by Sam Dillinger (comments: 0)

Holiday Travel Check List

holiday travel checklist

'Tis the season for holiday travel! Thanksgiving is almost upon us, and that means a road trip to visit family and enjoy some great food. Shortly after will be Christmas and New Years, which will round out the holiday travel season. This stretch of 5 weeks is the most heavily traveled time of year for Americans. In 2013 94.5 million people traveled during the year end holiday season. An astonishing 85.8 million, or 91%, of these traveled by automobile. With the lowest gas prices our nation has seen in 4 years, this number is only going to increase this year. When you couple that statistic with the record cold and snowfall expected this year (and already being experienced in many places), you can see why vehicle safety needs to be the first item on your holiday travel checklist. 

First things first, check the tires. Having too low of tire tread can easily spell disaster on snowy, or icy, roads. Insert a penny into the tread of your tire that looks the lowest. If president Lincoln's head is completely covered, you've got at least 50% of the tread left, and will be reasonably safe for traveling. Check the air pressure. Driving with under-inflated tires in snowy conditions, effectively does the same thing that having too-low of tire tread does- it makes that tire unsafe to drive on. Not to mention (Under inflated tire statistic) 

The next item is to check the lights. This one is pretty simple and straight forward. Have someone help you to make it a little easier, and check the brake lights and reverse lights. Make sure your turn signals, headlights, high beams, and tail lights all work. Don't forget to check the license plate bulb and the hazards. The hazard lights use the parking light bulbs to function but the switch to turn them on is actually on a different circuit. It's possible to have fully functional parking lights and turn signals, and have the hazards lights be malfunctioning. So make sure to check each lighting function separately.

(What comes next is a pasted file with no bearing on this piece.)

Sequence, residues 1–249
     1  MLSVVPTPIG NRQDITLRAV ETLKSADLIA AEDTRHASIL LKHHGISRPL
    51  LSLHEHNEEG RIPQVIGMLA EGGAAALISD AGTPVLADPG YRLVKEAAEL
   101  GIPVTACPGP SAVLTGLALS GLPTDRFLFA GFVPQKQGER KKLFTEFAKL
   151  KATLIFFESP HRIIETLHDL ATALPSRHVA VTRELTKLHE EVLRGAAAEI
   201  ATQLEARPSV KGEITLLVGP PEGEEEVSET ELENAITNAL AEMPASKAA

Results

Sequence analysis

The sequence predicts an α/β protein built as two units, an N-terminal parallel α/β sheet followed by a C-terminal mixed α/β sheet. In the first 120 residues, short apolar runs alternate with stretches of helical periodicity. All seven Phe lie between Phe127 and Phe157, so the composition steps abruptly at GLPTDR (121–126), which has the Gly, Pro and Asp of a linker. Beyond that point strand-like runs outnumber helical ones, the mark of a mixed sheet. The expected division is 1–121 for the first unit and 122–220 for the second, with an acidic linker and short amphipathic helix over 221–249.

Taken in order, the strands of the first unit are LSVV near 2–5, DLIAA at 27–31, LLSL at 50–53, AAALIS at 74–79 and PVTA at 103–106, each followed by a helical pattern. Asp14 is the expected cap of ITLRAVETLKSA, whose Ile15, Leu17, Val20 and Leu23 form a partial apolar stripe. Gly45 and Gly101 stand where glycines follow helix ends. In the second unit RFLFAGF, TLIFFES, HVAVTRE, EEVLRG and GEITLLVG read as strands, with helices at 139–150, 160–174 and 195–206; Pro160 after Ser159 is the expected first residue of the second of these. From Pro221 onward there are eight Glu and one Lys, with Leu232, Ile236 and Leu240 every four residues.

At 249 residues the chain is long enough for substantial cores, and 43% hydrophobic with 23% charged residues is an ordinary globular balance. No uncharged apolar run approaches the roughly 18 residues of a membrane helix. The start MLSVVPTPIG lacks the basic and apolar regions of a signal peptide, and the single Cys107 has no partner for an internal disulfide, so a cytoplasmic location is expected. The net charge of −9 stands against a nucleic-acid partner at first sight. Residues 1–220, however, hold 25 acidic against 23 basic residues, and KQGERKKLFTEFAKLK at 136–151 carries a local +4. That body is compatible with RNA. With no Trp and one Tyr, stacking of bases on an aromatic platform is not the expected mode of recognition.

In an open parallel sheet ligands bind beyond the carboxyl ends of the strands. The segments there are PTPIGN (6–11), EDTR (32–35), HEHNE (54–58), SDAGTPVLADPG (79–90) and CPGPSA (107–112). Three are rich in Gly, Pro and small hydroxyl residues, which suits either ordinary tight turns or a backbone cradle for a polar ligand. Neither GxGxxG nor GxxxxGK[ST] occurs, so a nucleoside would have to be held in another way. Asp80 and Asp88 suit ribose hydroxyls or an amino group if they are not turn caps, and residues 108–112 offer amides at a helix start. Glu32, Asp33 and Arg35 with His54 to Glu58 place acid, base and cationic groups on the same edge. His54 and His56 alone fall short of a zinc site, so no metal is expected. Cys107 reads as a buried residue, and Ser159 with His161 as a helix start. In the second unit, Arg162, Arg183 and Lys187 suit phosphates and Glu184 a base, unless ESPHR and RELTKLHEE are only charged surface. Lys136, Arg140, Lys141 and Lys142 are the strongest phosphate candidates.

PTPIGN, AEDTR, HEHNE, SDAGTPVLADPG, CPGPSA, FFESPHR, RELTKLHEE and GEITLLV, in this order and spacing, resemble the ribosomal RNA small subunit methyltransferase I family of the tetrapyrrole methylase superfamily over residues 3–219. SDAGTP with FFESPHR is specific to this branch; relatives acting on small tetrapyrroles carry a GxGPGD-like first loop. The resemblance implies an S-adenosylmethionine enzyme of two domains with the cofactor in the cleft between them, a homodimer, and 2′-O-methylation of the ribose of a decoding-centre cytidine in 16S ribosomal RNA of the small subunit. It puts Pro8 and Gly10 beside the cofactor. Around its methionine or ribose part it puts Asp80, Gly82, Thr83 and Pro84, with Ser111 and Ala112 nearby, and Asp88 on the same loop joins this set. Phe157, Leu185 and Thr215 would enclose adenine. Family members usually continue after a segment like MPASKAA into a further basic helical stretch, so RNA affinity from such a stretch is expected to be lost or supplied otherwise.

Now you'll want to check the battery. I don't mean to walk out into a heated garage and check to see if the car starts. This won't give you any indication of how the battery will perform when the vehicle has been parked outside all night in freezing temperatures. It may cost you a few dollars to have your battery tested at a local service center, and even more if the battery needs to be replaced, but it's worth every penny if it saves you from being stranded in the cold. Most service shops will have an electronic tester for the battery that will give you a health report. The machine will put a heavy load on it that will simulate extreme cold conditions and then you'll know how the battery will actually perform. While you're there getting the battery checked...